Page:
Warning to anyone who had severe bout of Covid over deadly side effect

ANYONE who has had a severe bout of Covid could be at risk of a deadly complication after recovery.

Even those who are young or previously healthy were at risk of the side effect if they were seriously unwell with Covid, scientists warned. 

Recovery from Covid infection has been linked with the development of a number of chronic conditions.

This includes type 2 diabetes, mental health issues, blood clots, brain damage, heart attack all of which have been shown in research to be more commonly diagnosed in those who have had Covid.

Researchers led by the University of Glasgow studied 159 people who were hospitalised with Covid between May 2020 and March 2021.

They looked for diagnoses of myocarditis in the year after discharge, while also conducting blood tests, CT and MRI scans of the organs. 

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Myocarditis is inflammation of the heart muscle, and can be caused by an infection, such as Covid.

The results showed that one in eight patients were struck with myocarditis.

The condition may cause chest pain or breathlessness just walking up the stairs, flu-like symptoms such as  a high temperature and fatigue, or heart palpitations. 

Overall severity of Covid illness appeared to be the main driver of this side effect, said Professor Colin Berry, principle investigator.

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He said: “One of the most important findings is that it is the severity of a patient’s Covid-19 infection – not their underlying health conditions – that is most closely correlated with the severity of any ongoing health outcomes post discharge.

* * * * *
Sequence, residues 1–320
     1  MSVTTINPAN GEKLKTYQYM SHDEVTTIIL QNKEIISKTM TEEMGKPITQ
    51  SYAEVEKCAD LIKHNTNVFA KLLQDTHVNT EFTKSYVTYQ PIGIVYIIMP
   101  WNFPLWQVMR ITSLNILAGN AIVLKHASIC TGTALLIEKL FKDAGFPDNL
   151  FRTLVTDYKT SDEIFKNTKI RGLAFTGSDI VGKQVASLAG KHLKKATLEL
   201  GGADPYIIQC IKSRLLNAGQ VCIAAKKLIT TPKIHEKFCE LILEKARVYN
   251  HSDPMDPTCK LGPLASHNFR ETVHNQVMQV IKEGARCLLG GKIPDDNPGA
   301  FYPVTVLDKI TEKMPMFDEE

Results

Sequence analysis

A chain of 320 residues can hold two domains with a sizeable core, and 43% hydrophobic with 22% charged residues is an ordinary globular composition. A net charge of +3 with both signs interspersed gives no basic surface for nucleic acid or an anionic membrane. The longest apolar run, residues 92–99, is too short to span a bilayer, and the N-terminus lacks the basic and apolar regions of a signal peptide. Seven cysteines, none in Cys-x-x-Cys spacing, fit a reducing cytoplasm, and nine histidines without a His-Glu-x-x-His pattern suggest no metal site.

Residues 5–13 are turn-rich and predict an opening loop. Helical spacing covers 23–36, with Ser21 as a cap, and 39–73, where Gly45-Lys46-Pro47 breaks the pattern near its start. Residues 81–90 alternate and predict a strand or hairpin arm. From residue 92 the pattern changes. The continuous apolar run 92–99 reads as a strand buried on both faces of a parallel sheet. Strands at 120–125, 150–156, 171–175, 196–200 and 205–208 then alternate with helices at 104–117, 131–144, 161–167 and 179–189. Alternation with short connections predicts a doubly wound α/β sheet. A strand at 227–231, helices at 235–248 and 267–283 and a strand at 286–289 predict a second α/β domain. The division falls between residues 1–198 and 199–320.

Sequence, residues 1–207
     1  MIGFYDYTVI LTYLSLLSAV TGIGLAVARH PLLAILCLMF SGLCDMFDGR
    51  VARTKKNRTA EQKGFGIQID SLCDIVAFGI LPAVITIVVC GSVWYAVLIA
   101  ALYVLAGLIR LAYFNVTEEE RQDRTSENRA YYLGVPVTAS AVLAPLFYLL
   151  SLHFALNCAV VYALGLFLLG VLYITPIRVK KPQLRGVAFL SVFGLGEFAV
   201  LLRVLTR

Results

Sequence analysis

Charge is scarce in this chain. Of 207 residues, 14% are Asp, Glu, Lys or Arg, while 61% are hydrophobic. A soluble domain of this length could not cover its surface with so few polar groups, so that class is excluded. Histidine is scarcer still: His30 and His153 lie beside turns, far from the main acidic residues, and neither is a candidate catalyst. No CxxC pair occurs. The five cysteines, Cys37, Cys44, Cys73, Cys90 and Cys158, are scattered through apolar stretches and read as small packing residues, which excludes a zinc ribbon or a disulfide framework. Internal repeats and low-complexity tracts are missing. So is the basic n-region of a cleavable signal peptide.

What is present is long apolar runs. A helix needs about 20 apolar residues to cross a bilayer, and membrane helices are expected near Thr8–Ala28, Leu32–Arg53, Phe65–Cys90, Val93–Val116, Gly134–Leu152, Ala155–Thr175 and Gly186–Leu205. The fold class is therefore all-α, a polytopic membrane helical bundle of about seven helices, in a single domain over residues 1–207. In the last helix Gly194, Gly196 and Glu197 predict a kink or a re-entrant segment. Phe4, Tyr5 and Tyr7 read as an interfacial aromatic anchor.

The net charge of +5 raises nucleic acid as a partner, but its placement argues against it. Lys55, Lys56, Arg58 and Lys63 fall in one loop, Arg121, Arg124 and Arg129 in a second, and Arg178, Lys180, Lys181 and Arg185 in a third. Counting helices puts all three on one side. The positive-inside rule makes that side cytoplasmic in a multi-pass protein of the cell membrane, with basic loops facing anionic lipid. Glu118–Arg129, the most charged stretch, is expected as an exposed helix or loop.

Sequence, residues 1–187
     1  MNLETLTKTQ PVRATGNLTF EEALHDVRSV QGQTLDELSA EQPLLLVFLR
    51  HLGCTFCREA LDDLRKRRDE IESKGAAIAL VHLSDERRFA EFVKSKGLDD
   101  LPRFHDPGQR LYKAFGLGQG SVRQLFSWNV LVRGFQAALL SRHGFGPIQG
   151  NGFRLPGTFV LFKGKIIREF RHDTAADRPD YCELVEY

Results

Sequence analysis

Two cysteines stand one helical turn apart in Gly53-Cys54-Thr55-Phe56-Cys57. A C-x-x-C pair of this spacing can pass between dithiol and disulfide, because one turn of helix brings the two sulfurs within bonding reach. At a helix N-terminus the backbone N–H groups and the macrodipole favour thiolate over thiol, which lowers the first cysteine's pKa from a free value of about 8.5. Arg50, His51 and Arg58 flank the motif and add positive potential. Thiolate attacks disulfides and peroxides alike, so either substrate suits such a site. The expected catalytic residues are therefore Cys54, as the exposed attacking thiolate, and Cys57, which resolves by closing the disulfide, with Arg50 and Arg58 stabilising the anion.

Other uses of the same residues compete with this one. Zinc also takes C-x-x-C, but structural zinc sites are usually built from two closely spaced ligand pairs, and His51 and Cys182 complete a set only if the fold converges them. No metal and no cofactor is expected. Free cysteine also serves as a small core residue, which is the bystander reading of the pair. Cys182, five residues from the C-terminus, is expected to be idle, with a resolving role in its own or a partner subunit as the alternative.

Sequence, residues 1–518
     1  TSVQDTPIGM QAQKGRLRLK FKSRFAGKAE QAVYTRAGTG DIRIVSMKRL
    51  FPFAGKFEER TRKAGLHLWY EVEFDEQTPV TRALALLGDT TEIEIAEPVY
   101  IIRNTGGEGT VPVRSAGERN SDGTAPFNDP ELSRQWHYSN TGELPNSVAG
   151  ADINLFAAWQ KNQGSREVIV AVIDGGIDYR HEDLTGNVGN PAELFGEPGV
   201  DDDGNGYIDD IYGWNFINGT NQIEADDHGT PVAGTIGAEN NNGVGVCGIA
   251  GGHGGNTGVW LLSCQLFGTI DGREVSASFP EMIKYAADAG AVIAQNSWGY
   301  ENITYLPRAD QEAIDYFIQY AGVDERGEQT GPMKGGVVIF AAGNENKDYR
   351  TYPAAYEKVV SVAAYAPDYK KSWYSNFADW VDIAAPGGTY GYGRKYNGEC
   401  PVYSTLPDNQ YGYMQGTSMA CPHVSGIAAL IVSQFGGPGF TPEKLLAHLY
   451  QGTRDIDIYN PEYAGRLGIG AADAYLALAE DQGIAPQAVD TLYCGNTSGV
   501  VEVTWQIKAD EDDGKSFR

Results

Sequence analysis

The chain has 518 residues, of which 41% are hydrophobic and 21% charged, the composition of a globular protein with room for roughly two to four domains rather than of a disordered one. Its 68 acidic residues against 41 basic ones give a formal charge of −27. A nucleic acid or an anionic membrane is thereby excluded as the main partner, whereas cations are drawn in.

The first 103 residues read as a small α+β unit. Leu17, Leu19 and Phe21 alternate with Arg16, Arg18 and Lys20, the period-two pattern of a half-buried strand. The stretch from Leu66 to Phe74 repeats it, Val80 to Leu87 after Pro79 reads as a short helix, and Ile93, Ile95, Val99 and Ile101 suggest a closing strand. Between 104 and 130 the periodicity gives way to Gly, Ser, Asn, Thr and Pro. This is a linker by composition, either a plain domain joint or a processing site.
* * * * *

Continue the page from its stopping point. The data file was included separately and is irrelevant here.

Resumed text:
“We found that previously healthy patients, without any underlying health conditions, were suffering with severe health outcomes, including myocarditis, post hospitalisation.

“The reasons for this are unclear, but it may be that a healthy person who is hospitalised with Covid-19 is likely to have a worse Covid infection than someone with underlying health conditions who is hospitalised.”

Myocarditis can either be short-term or chronic.

But this study – which will continue for five years – was not able to assess whether Covid-related myocarditis is easily treated.

In long term cases myocarditis can affect the heart muscle and tissue, the British Heart Foundation says, which could lead to heart failure or even an organ transplant. 

The study found that inflammation across the body and damage to the other organs such as the kidneys was also common among participants. 

During a period of 450 days after discharge from hospital, one in seven patients died or were readmitted to hospital, and two in three patients required NHS outpatient care.

When participants were quizzed, it was discovered those with previous Covid hospitalisation had worse health-related quality of life, anxiety and depression.

Women were more likely to get myocarditis, which in turn was linked with lower mental and physical wellbeing, such as capacity to exercise. 

The study, published in Nature Medicine, also tried to uncover why some hospital patients suffer long Covid.

Until now it has been speculated that those with pre-existing health conditions may be more at risk.

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But once again, the study suggests that the severity of the Covid-19 infection itself is the underlying cause. 

The work was funded by the Scottish Government’s Chief Scientist Office, and supported by the British Heart Foundation (BHF) as part of the University of Glasgow BHF Centre of Excellence.

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